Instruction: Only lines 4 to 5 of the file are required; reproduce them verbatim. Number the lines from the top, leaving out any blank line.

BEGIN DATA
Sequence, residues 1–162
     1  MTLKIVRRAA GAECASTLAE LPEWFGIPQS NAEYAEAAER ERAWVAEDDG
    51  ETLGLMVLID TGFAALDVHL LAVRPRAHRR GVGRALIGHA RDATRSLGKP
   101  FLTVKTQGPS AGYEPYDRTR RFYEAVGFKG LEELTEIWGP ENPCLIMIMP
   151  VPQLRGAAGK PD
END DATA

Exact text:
   101  FLTVKTQGPS AGYEPYDRTR RFYEAVGFKG LEELTEIWGP ENPCLIMIMP
   151  VPQLRGAAGK PD